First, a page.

“Rather than exercising the oversight required by law, the Service has chosen in effect to join the Navy’s team, acquiescing in the omission of common-sense safeguards recommended even by its own scientific experts,” Joel writes in his latest blog post.

After reading his post, I asked Joel by phone yesterday what it would take to get the National Marine Fisheries Service on the right track.

“I don’t have an easy answer for that,” Joel told me, noting that he recently held a related discussion with Sylvia Earle, renowned oceanographer and formerly chief scientist for the National Oceanic and Atmospheric Administration.

“She is very familiar with the problems of NMFS,” Joel said. “She said NMFS is an agency responsible for killing fish.”

That said, the agency has a lot of dedicated researchers and experts who know what needs to be done, especially at the regional level. But they are hamstrung by federal politics and by budget limitations.

“The Pentagon is essentially able to dictate every part of government,” Joel said. “The financial implications are very real, because the military is so powerful. If NMFS gives them trouble, they call their contacts on Capitol Hill, and pressure is brought to bear.”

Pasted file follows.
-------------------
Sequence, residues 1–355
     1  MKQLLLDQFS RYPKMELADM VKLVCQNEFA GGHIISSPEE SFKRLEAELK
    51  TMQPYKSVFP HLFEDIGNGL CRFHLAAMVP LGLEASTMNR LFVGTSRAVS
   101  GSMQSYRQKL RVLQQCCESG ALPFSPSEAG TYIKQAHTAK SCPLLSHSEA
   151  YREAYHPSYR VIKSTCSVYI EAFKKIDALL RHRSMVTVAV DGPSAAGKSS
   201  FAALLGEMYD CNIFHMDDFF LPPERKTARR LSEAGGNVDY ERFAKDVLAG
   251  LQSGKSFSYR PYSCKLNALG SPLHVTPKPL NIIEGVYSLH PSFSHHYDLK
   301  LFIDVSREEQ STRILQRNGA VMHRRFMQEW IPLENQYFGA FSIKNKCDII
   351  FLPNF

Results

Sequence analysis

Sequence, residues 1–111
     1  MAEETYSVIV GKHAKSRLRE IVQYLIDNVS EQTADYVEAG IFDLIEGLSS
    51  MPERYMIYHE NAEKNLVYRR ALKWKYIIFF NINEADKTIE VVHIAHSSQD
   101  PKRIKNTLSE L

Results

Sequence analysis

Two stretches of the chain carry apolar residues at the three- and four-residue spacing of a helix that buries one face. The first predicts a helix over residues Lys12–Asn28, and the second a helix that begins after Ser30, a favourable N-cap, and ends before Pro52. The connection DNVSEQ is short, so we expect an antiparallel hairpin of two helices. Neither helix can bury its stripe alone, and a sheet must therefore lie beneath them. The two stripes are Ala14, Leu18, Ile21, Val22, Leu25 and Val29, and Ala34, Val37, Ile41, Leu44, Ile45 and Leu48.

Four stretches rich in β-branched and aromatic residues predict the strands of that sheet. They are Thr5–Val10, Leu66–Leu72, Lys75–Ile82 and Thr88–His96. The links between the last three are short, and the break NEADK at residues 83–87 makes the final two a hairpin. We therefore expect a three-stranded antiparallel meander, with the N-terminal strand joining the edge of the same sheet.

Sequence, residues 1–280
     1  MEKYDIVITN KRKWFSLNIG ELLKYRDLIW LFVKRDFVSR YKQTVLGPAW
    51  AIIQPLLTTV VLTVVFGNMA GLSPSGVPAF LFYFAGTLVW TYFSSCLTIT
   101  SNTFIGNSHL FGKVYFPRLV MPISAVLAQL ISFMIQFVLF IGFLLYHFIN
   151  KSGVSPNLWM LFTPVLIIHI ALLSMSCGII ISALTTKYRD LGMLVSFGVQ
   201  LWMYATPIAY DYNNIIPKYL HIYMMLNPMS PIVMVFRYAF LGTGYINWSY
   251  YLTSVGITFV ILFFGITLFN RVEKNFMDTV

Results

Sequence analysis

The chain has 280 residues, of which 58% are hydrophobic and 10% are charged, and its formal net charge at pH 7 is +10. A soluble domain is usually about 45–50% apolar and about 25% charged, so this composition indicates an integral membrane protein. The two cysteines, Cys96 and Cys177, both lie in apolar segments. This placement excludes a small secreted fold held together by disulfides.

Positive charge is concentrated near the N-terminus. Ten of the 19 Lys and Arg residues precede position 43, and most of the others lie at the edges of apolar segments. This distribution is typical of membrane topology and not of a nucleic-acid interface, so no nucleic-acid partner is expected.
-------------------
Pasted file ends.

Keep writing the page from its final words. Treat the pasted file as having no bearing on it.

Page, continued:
The Navy has spent decades operating at its own discretion throughout the world’s oceans. The notion that another federal agency or some upstart environmental groups should limit its activities just doesn’t sit well among established Navy officers.

The problem is so entrenched in government that any resolution “is going to take some focused attention under the next administration,” according to Joel.

If Hillary Clinton is elected, Joel said he might look to John Podesta to untangle the mess. Podesta served as chief of staff under President Bill Clinton and was instrumental in opening up long-held but arguably unnecessary government secrets. He currently serves as chairman of Hillary Clinton’s campaign.